This is not a review; it is a study and a question. So please be aware that spoilers live here.
What Tarantino has done is a bit like BBC hit show Peaky Blinders. He has taken historical characters from criminal folklore and changed the outcome for them. Left physical and historical factors intact, but has played with the outcome and, of course, why not? After all, just like the Coen brothers said when William H. Macy expressed dismay at them falsely claiming Fargo was a true story: “This is fiction, man!”
To the movie itself. Brad Pitt plays Cliff Booth, a retired Special Forces soldier, stuntman, happy-go-lucky charmer, and deadly warrior. He is assisting his friend, Rick Dalton, an actor fallen on dry times, played by Leonardo DiCaprio.
It is set in the so-called golden age of Hollywood at the end of the 1960s and it is based upon the Tate/LaBianca murders committed by the followers of Charles Manson.
So here is the spoiler: Sharon Tate, played with great aplomb by Margot Robbie, and her friend Jay Sebring (Emile Hirsch) do not get murdered at 10050 Cielo Drive, Beverly Hills. Tate is out at dinner and the hippy-killers are chased off threateningly by Dalton (DiCaprio). They then decide — in accordance to Manson’s “teachings”— to kill Dalton instead. They pass the LSD-influenced Booth as he walks his robust but likable dog, Brandy, and attempt to kill all inside. In typical Tarantino intertwining and coincidence, the LSD-infused cigarette Booth had smoked was given to him by a member of the Manson family, a hitcher he struck a friendship with earlier in the film. After having seen him best Bruce Lee and annihilate one of the Manson Family thugs in an ill-fated trip to the commune, we the viewers are confident that Manson’s acolytes will not be successful. The plenty-capable Booth overpowers and, with the help of a flame-thrower-toting Rick, finishes off the would-be Helter-Skelter killers in severely enjoyable Tarantino-esque ultraviolence.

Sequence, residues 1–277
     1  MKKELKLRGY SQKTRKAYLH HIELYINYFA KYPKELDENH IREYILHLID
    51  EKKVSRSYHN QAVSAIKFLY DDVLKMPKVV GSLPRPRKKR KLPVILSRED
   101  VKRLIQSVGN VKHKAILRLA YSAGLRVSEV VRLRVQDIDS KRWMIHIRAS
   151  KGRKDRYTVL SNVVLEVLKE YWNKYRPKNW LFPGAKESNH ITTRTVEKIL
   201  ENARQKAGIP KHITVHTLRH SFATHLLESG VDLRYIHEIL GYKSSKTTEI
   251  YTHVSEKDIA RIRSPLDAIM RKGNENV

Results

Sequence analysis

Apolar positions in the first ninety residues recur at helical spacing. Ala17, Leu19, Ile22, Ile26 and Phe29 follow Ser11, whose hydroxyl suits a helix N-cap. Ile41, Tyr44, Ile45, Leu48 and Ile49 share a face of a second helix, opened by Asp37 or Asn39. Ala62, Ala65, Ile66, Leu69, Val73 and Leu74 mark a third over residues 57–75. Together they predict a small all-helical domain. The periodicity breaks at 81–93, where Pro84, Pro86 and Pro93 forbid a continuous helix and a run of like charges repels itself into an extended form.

The conundrum: Was it okay to take artistic licence and make it so everyone involved finished up in a different position? Was it okay to change the outcome in the name of entertainment?
The answer would depend on three things: The outcome itself, the taste and class with which said outcome was achieved, and how these changes would be perceived.
The outcome itself: Firstly, I will not presume any of the knowledge people reading this will have on the Tate/LaBianca murders. I am very aware because in the last few years I have learned more about them. Until recently, I was not aware of the brutality, and more so, the calculated cruelty with which these horrible events were executed.
They were cruel, sadistic, evil, illogical, and totally unfair. An eighteen-year-old boy was killed in cold blood because he just happened to be passing by. Then, upon entering the Polanski/Tate residence, they declared “I am the devil and I have come to do the devil’s work.” What followed was butchery most cowardly. They beat, tortured, and stabbed innocent people. Sharon Tate, who was full term in her pregnancy, begged to be allowed to live, give birth, and then would happily present herself for death. The response to her offer was to ridicule, refuse, and then murder her. This lovable actress; a sweet, helpful, philanthropic, and beautiful soul.